- Pool of Radiance • Curse of the Azure Bonds • Hillsfar • Secret of the Silver Blades • Eye of the Beholder • Gateway to the Savage Frontier • Dungeon Hack • Icewind Dale • Baldur's Gate: Dark Alliance • Icewind Dale II • Neverwinter Nights • Forgotten Realms: Demon Stone • Neverwinter Nights 2 • Neverwinter Nights 2: Mysteries of Westgate • Sword Coast Legends • Baldur's Gate: Siege of Dragonspear
- Board Games
- Temple of Elemental Evil Board Game
- Card Games
- AD&D Trading Cards • Dragonfire (Chaos in the Trollclaws)
- Organized Play & Licensed Adventures
- Defiance in Phlan • Eye of the Tempest
Gallery[edit | edit source]
External Links[edit | edit source]
- Bugbear (Dungeons & Dragons) article at Wikipedia, The Free Encyclopedia.
- Bugbear article at the Eberron Wiki, a wiki for the Eberron campaign setting.
References[edit | edit source]
- Mike Mearls, Jeremy Crawford, Christopher Perkins (2014-09-30). Monster Manual 5th edition. Edited by Scott Fitzgerald Gray. (Wizards of the Coast), p. 33. ISBN 978-0786965614.
- Mike Mearls, Stephen Schubert, James Wyatt (June 2008). Monster Manual 4th edition. (Wizards of the Coast), pp. 135–136. ISBN 978-0-7869-4852-9.
- Skip Williams, Jonathan Tweet, Monte Cook (July 2003). Monster Manual v.3.5. (Wizards of the Coast), p. 29. ISBN 0-7869-2893-X.
- Reynolds, Forbeck, Jacobs, Boyd (March 2003). Races of Faerûn. (Wizards of the Coast), p. 136. ISBN 0-7869-2875-1.
- Doug Stewart (June 1993). Monstrous Manual. (TSR, Inc), p. 32. ISBN 1-5607-6619-0.
- Gary Gygax (December 1977). Monster Manual, 1st edition. (TSR, Inc), p. 12. ISBN 0-9356-9600-8.
- Eric L. Boyd, Erik Mona (May 2002). Faiths and Pantheons. (Wizards of the Coast), p. 221. ISBN 0-7869-2759-3.
- Reynolds, Forbeck, Jacobs, Boyd (March 2003). Races of Faerûn. (Wizards of the Coast), p. 137. ISBN 0-7869-2875-1.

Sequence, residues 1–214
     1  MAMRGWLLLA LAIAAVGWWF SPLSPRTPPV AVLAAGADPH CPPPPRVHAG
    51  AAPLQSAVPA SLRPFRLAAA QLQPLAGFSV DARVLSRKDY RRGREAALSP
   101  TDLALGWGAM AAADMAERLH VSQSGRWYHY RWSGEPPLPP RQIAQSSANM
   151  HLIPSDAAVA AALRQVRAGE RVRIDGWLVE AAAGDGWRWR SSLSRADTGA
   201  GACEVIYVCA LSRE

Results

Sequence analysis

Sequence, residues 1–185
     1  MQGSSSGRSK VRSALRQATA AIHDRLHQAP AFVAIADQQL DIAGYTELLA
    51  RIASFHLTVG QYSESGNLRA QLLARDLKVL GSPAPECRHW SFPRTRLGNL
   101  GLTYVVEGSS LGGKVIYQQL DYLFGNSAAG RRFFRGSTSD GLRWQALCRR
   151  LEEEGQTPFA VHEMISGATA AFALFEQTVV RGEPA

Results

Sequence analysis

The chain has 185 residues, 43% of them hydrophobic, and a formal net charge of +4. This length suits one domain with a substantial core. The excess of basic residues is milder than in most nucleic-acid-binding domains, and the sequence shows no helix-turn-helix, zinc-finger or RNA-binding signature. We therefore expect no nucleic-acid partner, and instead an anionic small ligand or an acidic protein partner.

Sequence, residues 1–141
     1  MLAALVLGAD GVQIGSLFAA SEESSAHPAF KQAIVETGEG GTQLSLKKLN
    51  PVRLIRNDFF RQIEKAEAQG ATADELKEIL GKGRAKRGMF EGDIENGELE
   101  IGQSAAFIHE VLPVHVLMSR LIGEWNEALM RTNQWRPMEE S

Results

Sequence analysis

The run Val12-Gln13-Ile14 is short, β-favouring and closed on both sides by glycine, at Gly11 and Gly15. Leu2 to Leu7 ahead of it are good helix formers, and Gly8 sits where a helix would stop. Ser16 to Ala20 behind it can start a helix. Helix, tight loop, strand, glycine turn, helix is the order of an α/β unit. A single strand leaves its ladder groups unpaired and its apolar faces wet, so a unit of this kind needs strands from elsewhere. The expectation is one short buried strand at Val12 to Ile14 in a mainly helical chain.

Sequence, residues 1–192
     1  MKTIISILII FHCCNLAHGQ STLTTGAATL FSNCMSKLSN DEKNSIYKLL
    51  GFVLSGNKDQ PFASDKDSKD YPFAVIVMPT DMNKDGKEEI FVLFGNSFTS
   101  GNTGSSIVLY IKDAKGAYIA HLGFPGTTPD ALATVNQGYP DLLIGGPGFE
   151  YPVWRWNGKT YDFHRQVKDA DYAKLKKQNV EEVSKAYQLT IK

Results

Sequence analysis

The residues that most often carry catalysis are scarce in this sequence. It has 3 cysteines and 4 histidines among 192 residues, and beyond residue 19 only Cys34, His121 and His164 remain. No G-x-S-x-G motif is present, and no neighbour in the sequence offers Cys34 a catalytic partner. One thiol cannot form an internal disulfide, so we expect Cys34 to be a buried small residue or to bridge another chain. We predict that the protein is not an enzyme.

- Mike Mearls, et al. (November 2016). Volo's Guide to Monsters. Edited by . (Wizards of the Coast), pp. 44–45. ISBN 978-0786966011.
- (November 2016). Volo's Guide to Monsters. Edited by . (Wizards of the Coast), p. 119. ISBN 978-0786966011.
- (1989). Monstrous Compendium Volume One. (TSR, Inc), p. 17. ISBN 0-8803-8738-6.
- (September 2008). Forgotten Realms Player's Guide. (Wizards of the Coast), p. 20. ISBN 978-0-7869-4929-8.
- (September 1994). “The Thunder Peaks and the Storm Horns”. In ed. Elminster's Ecologies (TSR, Inc), p. 9. ISBN 1-5607-6917-3.
- (August 2008). Forgotten Realms Campaign Guide. (Wizards of the Coast), p. 180. ISBN 978-0-7869-4924-3.
- (May 1992). Monster Mythology. (TSR, Inc), p. 53. ISBN 1-5607-6362-0.
- (1998). Demihuman Deities. (Wizards of the Coast), p. 151. ISBN 0-7869-1239-1.
- (May 1992). Monster Mythology. (TSR, Inc), p. 44. ISBN 1-5607-6362-0.
- (November 2018). Waterdeep: Dungeon of the Mad Mage. Edited by . (Wizards of the Coast), p. 13. ISBN 978-0-7869-6626-4.
- (November 2018). Waterdeep: Dungeon of the Mad Mage. Edited by . (Wizards of the Coast), pp. 33–39. ISBN 978-0-7869-6626-4.
- (November 2018). Waterdeep: Dungeon of the Mad Mage. Edited by . (Wizards of the Coast), p. 55. ISBN 978-0-7869-6626-4.
- (November 2018). Waterdeep: Dungeon of the Mad Mage. Edited by . (Wizards of the Coast), p. 33. ISBN 978-0-7869-6626-4.
- (2014). “Lost Mine of Phandelver”. Dungeons & Dragons Starter Set (Wizards of the Coast), pp. 40–41. ISBN 0786965592.